viewed at a public multiplex screening

official site | IMDb
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  • Senor Malo Ideo

    I am amazed that you can call Napoleon Dynamite, one of the most mean-spirited, hateful movies of recent memory “sweet.” Or that you can deride Jack Black for being in the embarrassment and gross-out genre, when Napoleon Dynamite was one of the most humiliating and disgusting movies I’ve ever seen. As was Nacho Libre, for the record.

    Seriously, this is supposed to absurd and crazy? It’s sloppy and pointless. And to think, you gave a legitimately bizarre movie like Anchorman a thumbs down. Sometimes I don’t get you, lady.

  • Uh, Napoleon Dynamite was mean-spirited and hateful? You must be joking…

  • Christ, Napoleon! Use a spellchecker, gosh!

  • MaryAnn Johanson

    *Napoleon Dynamite* is sweet in the sense that Napoleon uses the word: as in like flippin’ awesome.

    I think you missed my point, Senor Malo Ideo, about maintaining a tone. Meanspiritedness isn’t a problem in itself — the problem is when a movie spends 90 minutes dumping literal and figurative shit on a character and asking us to laugh at that character’s predicament, and then, in the last 10 minutes of the film, expects us to go all mushy and sentimental about that same character. That doesn’t work. But movies like *Napoleon Dynamite* and *Nacho Libre* do work because they give us characters who are true to themselves, but also, more importantly, characters that the filmmakers are true to as well. These films don’t ask us to do a 180 in how we’re supposed to be seeing these characters.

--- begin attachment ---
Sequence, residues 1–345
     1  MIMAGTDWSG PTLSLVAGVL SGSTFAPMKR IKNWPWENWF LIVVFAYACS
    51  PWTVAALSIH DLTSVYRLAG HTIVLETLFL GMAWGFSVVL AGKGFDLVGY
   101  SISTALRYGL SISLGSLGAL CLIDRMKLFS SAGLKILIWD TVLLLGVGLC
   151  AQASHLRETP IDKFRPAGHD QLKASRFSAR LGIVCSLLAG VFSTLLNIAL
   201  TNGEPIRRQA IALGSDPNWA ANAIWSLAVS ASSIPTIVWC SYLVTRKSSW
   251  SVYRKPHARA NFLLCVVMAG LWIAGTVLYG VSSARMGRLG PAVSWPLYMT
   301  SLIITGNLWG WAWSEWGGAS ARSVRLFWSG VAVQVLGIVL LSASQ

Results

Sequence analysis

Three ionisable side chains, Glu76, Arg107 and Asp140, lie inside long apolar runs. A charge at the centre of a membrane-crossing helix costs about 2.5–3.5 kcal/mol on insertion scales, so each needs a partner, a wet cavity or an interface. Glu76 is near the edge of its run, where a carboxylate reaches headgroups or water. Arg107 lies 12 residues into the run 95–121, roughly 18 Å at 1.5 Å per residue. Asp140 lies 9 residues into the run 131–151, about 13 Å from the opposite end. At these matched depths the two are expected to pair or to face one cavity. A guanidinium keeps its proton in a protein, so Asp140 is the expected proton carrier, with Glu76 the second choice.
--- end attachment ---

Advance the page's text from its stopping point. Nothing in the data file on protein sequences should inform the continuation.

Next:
• So no one in either the mainstream media or the Anglocentric portion of the Blogosphere is paying much attention to the new Gabriel Garcia Marquez movie or the recent Rosie Perez documentary about Puerto Rico. But this silly flick they pay attention to…

    And you all thought the Pedro character in that “Napoleon Dynamite” movie was dumb…

  • Noah Richards

    Yeah, Tonio! Fight the power! My god, with the plight of all these poor people, how DARE you watch a comedy! And such a BLATANTLY RACIST one at that! I’m sure that all the day laborers, like, totally have your back. By the way, I like how you somehow think that ‘Crash’ winning an Oscar (WASP guilt if it has ever been exhibited before) was going to open up the floodgates to a new era of color-blind fairytales. And you used the word ‘blogosphere’ which immediately disqualifies you from further conversation.

    Anyway.

    The movie is amusing. It’s not supposed to be any other way. And saying that ‘Napolean Dynamite’ is mean-spirited is a remarkable example of short-sightedness and lack of artistic comprehension.

  • MaryAnn Johanson

    “So no one in either the mainstream media or the Anglocentric portion of the Blogosphere is paying much attention to the new Gabriel Garcia Marquez movie or the recent Rosie Perez documentary about Puerto Rico. But this silly flick they pay attention to…”

    Well, true, that’s a valid question. How many screens are those movies playing on? How many people really want to see those things? People are really dumb, remember: they’d rather see a dumb comedy. I wish that were not the case, but it is.

    That said, how many people, even the dumb ones, really believe this is meant to be an accurate depiction of real Mexicans and real Mexican culture?

    Wait a minute… don’t answer that…

  • Okay, point taken, Noah Richards. There are more important issues out there to worry about.

    And for what it’s worth, I never seriously expect post-“Crash” Hollywood to be all that colorblind, no matter how many nice things George Clooney said about it. But it would have been nice to have been surprised.

    And yes, MaryAnn, it does seem that dumb comedies rule nowadays. Which isn’t necessarily a bad thing. I watched too many Laurel and Hardy flicks to pretend I don’t like dumb comedies. But I also like smart comedies. And unfortunately, those are becoming an endangered species.

    And I’d like to believe that even the dumbest movie goer won’t consider “Nacho Libre” to be an example of social realism.

    But, again, it would be nice to see alternatives…